When Rolling Stone showed up in my mailbox the other day, it was brittle and yellowed and 41 years out of date.
The paper tore lightly. It had a musty smell to it, and an uncomfortable dryness. Inside the front cover was a full page ad featuring Andy Warhol. The staff box: Jann Wenner, editor. National Affairs Desk: Hunter S. Thompson. Raoul Duke was listed as a contributing editor [Sports]. Ralph Steadman, too [Gardening].
First thought: A literary time machine.
Second thought: Those guys were having fun.
Perhaps I'm obsessed, but in order to better understand Hunter Thompson I wanted to read some of his work as it was published originally. And to my real surprise, it made a difference.
The article is long and weird and substance-fueled, typical of Thompson's Gonzo style. Which is funny because he begins with this admission:
I was seriously jolted, when I arrived in Washington, to find that the bastards had this Watergate story nailed up and bleeding from every extremity. ... There was not a hell of a lot of room for a Gonzo journalist to operate in that high-tuned atmosphere."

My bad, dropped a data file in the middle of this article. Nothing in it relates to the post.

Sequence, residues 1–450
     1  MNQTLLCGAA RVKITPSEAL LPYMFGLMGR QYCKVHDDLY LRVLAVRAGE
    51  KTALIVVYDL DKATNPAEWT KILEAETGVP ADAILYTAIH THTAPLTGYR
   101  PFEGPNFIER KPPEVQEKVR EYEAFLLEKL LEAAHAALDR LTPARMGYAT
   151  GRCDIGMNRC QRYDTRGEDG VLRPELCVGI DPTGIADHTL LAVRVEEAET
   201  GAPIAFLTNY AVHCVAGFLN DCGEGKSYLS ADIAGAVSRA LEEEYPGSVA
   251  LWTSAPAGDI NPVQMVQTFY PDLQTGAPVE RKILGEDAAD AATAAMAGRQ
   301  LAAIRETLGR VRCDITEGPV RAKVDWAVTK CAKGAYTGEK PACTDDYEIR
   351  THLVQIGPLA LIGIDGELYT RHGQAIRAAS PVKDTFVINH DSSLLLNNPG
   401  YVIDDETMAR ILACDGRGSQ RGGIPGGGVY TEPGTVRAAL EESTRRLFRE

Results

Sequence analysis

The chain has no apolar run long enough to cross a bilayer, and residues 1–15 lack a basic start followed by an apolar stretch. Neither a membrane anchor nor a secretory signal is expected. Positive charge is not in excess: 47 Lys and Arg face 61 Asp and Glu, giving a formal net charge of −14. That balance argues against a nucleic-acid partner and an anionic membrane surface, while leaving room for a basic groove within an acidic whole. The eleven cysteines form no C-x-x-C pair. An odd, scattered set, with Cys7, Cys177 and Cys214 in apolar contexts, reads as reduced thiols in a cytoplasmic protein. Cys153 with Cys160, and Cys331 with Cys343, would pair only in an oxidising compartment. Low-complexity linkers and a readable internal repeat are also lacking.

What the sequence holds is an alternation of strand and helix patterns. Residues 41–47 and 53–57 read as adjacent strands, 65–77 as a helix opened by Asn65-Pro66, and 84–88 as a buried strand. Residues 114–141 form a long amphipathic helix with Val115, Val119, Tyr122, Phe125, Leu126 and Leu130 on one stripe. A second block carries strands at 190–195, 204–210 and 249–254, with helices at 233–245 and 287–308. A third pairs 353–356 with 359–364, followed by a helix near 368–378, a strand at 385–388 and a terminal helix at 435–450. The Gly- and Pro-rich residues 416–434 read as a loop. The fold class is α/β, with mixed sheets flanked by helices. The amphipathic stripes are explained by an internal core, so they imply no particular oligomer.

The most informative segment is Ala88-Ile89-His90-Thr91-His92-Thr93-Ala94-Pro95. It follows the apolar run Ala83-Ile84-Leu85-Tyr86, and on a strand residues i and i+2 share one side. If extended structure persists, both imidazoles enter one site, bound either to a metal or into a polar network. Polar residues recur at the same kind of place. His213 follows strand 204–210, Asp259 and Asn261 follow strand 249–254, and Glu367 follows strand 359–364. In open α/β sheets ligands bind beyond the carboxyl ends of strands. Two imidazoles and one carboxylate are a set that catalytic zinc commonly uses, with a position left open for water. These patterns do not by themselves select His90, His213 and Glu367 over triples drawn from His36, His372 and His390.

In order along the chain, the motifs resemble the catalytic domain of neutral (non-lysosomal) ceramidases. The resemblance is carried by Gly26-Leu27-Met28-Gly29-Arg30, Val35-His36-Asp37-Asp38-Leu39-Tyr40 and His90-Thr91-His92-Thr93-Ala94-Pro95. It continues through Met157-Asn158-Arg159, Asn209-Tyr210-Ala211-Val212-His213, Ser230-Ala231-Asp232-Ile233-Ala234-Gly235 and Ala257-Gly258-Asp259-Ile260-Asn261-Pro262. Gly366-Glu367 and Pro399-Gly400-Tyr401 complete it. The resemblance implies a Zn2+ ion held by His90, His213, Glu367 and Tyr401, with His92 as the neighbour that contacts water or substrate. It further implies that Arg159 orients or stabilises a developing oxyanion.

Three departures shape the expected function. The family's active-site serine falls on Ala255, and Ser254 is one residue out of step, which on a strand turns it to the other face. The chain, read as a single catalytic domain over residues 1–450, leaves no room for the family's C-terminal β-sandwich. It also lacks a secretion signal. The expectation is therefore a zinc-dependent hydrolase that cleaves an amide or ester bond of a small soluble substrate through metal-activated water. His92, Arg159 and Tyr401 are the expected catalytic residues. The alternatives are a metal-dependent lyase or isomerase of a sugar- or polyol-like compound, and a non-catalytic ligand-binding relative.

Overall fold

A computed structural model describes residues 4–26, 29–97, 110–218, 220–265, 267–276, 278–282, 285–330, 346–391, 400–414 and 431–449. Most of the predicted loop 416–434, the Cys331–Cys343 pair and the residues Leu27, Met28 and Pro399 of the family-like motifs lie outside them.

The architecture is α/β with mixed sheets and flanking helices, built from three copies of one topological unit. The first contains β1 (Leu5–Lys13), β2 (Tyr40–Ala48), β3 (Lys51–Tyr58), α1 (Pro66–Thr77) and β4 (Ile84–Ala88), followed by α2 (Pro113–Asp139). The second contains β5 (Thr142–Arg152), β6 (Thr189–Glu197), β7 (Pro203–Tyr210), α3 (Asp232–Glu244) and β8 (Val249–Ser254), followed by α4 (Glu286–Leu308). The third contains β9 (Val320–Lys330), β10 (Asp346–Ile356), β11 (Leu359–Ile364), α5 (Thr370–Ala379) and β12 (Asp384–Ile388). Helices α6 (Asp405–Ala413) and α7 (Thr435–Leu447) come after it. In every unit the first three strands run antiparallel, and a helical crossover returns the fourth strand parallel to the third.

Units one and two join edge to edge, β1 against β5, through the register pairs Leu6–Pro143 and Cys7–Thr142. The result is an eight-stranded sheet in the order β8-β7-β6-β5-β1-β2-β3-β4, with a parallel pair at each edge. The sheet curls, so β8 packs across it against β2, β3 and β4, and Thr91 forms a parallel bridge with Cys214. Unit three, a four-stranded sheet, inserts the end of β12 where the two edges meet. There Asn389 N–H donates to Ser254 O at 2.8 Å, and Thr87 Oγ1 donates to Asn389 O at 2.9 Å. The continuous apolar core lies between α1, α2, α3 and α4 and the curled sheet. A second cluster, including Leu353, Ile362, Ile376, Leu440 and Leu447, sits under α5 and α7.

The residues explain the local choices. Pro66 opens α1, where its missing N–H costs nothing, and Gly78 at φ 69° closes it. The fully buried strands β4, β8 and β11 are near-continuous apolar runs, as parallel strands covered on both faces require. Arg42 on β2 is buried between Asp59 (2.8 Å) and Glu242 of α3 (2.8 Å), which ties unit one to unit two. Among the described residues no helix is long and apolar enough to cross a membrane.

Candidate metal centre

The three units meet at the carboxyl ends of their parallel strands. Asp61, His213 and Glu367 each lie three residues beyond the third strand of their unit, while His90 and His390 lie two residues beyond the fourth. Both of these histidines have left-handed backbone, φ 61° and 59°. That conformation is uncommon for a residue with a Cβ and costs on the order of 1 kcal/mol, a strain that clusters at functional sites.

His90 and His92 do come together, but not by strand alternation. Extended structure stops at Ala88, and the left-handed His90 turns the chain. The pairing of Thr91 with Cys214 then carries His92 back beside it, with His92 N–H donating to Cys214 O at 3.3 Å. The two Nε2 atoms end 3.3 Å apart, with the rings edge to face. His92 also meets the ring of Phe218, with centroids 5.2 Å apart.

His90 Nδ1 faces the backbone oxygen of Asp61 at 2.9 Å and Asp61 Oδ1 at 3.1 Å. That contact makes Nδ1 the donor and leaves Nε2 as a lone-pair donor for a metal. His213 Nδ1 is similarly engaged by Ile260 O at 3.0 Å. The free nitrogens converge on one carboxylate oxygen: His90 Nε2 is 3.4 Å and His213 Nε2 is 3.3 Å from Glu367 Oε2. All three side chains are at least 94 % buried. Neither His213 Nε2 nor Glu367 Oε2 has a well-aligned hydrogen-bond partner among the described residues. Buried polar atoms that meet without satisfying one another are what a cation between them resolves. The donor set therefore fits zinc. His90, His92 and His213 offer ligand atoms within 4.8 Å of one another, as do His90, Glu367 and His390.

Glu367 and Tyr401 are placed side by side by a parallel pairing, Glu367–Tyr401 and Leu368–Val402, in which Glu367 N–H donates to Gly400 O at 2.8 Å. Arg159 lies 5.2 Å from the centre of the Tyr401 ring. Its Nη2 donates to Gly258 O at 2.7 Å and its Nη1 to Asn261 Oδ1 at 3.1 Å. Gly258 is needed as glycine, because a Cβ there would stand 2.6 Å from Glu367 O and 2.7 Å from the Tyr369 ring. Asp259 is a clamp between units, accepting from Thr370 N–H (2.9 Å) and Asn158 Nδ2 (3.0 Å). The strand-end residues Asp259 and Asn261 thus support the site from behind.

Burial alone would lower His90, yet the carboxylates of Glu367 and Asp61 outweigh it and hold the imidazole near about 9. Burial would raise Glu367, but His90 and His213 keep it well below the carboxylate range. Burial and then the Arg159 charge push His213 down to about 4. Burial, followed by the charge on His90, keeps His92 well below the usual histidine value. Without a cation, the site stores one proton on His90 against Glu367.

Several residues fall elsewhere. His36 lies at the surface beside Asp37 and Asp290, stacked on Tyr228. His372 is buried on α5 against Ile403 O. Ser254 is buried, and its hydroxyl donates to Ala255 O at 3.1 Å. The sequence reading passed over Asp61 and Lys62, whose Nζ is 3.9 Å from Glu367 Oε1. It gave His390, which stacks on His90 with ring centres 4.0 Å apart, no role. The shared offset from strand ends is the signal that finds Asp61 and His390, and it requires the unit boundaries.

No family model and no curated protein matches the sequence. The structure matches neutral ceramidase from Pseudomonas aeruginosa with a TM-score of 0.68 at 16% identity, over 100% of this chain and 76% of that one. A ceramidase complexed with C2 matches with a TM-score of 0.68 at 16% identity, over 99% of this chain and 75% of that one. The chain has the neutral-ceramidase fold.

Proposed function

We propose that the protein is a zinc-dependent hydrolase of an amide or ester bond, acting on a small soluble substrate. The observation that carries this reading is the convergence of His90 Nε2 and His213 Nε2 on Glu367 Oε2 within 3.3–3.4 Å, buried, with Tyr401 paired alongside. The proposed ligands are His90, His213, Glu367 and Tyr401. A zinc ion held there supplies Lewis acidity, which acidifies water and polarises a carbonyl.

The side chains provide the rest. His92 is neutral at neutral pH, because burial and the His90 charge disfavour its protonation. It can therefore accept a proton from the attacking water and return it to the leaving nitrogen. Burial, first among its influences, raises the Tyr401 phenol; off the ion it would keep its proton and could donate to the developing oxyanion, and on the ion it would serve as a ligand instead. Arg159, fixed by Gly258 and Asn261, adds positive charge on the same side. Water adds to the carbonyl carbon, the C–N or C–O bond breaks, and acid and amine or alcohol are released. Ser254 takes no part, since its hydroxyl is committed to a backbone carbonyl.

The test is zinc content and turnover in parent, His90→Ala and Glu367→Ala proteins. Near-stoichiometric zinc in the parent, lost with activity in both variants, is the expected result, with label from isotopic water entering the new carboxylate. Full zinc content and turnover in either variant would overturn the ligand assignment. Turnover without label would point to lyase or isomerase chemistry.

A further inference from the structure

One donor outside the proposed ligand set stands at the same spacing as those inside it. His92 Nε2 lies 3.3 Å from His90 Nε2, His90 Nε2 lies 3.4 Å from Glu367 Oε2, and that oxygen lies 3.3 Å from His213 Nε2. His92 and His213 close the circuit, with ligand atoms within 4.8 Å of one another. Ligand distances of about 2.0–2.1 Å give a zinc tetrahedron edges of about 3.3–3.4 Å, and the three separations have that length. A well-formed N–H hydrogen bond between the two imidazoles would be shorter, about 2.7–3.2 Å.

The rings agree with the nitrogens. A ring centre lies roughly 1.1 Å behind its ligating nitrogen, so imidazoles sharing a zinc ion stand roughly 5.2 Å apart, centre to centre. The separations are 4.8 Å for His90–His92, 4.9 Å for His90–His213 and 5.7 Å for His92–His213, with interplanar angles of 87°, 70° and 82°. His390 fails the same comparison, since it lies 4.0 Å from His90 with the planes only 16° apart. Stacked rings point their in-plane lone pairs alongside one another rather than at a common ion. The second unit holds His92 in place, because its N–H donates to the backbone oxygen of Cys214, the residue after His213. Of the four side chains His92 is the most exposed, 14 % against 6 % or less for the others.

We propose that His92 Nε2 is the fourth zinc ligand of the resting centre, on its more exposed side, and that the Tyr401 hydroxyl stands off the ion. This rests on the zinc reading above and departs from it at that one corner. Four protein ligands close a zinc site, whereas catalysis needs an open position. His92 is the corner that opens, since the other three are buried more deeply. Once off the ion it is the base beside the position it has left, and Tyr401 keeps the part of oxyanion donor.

The rest of the story is just that, a Gonzo-styled tale, many thousands of words about Watergate, Nixon, a drunken evening with Pat Buchanan, and the very unpleasant things Thompson wanted to do to Charles Colson. It begins with Thompson writing a letter to Avis car rental about an insurance claim, and it ends with said car accident being the reason he didn't drag Colson down Pennsylvania Ave. behind a gold Cadillac.
Fantastic. But Thompson's disclaimer, of sorts, is really interesting. It's an admission that what he does isn't straight journalism — but that was obvious enough from the start. I think Thompson is also conceding the style works better in some areas than in others, that there are limits to the genre. You're fighting the same war, but you pick your battles based on the weapons you have.
Trying to imagine a mashup of All the President's Men and Fear & Loathing in Las Vegas ... total opposites.
Anyway, I'd read this article before in a collection of work called The Great Shark Hunt. But reading it in a book and reading it in columns, between ads, with Steadman's brutal illustrations ... It steps beyond satire to become a kind of release. It's the nonsense mere mortals dream of pulling off in the face of a government that believes in its own impunity.
There's a word he uses often — cazart!
It means, roughly, "of course!" But with a sort of dark inevitability tinge to it. And that's what it is, that's the thing he's writing about. Beyond frustration it's the ability to attack absurdity with absurdity, knowing it's going to be a long slog.